Paris sees the new challenges posed by Russia’s war in Ukraine as part of an overall deterioration of international security and as a monumental challenge to the rules-based order. But when it comes to deterrence and defence, France draws a clear distinction between NATO or EU members and non-members. France is officially not engaged in the war in Ukraine, even if it supplies arms to Kyiv. In the event of an attack on a NATO or EU member, however, it will commit itself instantly, perhaps even with nuclear weapons.

Why “perhaps”? France’s nuclear deterrence strategy involves maintaining ambiguity about whether nuclear weapons will be used and under what conditions. This ambiguity is a key factor in deterrence, and President Macron has been severely criticised for eliminating it in his statement on a scenario in Ukraine. Nevertheless, creating such uncertainty for the enemy inherently also means creating uncertainty for one’s allies. French defence policy in terms of nuclear weapons could apparently be summarised as follows: France, a nuclear power, is fully committed to its European and Atlantic allies. To endanger an ally is to endanger France. The assessment of the extent of this danger is the responsibility of the president of the Republic who is completely independent in his or her decision-making.

As various observers have sometimes noted, deterring Russia from resorting to nuclear weapons in the midst of an escalating war basically involves manipulating the cost-benefit calculus of one man, Vladimir Putin. Likewise, if there were a war with Russia, only one person could make the fateful decision that an attack on a NATO or EU member required France to respond with nuclear weapons: the occupant of the Élysée Palace. All such occupants to date have taken very seriously the responsibility that comes with having sole authority over the use of nuclear weapons and are guided by the doctrine that perpetuates this tradition.

Nonetheless, French presidents are not detached from European security dynamics, even if their interpretation of and instincts in addressing some of the challenges emanating from such dynamics might not necessarily satisfy France’s allies and partners. Membership in NATO or the EU, which seems to mean that the given ally’s security qualifies as part of France’s “vital interests”, is a necessary but perhaps not sufficient condition for getting under France’s “nuclear umbrella”. It is essential that other member states and allies engage Paris in high-level and continuous dialogue, thus improving France’s understanding of how its independent nuclear deterrent, its vital interests, and Europe’s security are interlinked. Only then can we be confident that, if Estonia or Romania is severely threatened by Russian aggression, the French president will inform the Kremlin: “You will face a world war if you do not stop now.”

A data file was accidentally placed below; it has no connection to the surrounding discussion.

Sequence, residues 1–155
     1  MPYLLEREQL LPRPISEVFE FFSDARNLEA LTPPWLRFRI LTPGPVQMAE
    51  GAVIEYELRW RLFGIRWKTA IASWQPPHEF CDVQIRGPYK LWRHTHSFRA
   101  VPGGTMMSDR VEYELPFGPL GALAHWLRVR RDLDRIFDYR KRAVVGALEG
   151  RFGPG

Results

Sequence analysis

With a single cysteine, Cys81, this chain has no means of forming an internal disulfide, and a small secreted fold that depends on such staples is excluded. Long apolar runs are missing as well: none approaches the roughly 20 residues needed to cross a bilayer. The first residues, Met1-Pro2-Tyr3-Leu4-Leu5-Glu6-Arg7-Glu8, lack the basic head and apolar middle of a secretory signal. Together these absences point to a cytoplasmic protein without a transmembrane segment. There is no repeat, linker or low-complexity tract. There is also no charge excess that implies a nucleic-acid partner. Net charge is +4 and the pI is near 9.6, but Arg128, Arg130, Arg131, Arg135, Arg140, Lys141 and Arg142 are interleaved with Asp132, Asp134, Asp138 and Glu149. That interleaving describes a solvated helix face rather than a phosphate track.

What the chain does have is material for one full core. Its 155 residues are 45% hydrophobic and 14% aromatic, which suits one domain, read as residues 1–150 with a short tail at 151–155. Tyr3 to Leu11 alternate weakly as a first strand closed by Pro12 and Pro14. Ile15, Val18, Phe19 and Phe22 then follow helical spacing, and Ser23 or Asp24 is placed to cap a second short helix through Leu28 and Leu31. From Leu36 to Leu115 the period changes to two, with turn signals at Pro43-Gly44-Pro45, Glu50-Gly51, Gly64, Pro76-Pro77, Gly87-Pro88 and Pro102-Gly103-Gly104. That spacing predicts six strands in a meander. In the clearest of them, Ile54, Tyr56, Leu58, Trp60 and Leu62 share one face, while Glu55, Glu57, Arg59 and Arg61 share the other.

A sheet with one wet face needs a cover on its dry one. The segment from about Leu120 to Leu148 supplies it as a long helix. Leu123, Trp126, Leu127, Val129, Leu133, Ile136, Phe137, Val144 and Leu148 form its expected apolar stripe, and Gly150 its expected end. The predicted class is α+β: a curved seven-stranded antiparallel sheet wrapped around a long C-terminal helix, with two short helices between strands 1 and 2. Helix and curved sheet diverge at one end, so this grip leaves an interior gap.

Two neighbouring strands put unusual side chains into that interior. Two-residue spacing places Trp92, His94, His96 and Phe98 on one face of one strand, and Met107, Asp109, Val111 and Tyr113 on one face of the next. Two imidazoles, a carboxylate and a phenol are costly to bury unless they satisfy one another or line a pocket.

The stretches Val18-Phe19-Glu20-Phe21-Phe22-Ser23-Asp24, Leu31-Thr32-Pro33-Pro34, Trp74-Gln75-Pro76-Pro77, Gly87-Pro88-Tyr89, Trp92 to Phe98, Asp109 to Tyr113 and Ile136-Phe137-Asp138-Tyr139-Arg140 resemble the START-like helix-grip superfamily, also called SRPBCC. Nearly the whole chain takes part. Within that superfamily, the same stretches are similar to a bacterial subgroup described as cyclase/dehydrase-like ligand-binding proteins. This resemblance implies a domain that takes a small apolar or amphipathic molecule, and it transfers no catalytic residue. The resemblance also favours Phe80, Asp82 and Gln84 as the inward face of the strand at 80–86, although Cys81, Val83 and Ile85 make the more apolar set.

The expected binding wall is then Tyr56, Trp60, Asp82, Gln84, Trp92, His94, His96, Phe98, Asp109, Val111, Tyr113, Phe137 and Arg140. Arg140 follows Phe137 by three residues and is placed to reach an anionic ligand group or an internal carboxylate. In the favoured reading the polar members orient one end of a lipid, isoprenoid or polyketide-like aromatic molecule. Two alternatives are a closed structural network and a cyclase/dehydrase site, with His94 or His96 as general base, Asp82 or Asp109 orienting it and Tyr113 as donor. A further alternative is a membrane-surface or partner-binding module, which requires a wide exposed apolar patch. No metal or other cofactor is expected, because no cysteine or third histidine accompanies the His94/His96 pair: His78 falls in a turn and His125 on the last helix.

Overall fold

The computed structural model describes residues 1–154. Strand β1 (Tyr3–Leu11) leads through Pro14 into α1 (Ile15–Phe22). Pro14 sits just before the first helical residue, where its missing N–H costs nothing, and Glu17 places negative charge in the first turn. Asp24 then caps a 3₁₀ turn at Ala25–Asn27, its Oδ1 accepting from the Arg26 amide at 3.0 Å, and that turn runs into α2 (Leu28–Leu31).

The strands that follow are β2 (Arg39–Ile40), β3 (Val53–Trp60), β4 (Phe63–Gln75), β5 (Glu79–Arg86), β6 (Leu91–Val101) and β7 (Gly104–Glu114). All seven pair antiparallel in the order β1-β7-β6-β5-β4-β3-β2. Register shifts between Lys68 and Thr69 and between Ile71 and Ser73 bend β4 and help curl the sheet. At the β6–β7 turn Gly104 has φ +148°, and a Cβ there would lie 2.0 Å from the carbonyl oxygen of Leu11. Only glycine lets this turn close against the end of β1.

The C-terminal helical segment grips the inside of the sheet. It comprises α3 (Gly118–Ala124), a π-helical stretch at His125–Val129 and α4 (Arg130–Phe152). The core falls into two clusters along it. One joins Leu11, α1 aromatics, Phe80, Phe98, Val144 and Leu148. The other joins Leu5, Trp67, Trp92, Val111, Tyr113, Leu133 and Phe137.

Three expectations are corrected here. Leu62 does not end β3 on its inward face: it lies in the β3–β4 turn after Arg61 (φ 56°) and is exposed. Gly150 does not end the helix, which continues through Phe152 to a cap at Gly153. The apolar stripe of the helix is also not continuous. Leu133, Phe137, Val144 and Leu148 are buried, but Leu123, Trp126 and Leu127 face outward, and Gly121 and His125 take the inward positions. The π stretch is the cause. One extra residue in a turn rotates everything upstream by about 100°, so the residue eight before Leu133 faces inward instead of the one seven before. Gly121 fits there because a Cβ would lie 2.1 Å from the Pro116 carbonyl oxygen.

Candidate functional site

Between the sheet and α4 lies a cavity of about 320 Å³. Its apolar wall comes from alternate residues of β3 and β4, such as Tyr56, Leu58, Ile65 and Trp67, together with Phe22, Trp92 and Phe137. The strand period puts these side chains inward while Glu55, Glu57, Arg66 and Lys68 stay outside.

For now, however, we must accept that France—just like the other two nuclear powers of NATO—is not willing to go down the path of nuclear escalation in Ukraine and cannot threaten it. Such a threat would have little credibility and thus would not deter Russia’s dictator. Given the enormous credibility France holds as a first-tier military power, it should help Ukraine defeat Russia’s aggression and also help deter an attack, nuclear or conventional, on any member of NATO. This appears to be Paris’s intent, but it can and must do more, especially on the Ukraine front.

¹ www.businessinsider.com/macrons-suggests-no-nuclea…

² twitter.com/EmmanuelMacron/status/1580504648821387…

³ www.ft.com/content/f08c920d-84db-4c91-89f7-e23a132…

[i] The president of the Republic is the head of the armed forces (Article 15 of the Constitution). The president cannot declare war without the consent of Parliament (Article 35). But he or she alone decides on the use of nuclear force.

Views expressed in ICDS publications are those of the author(s).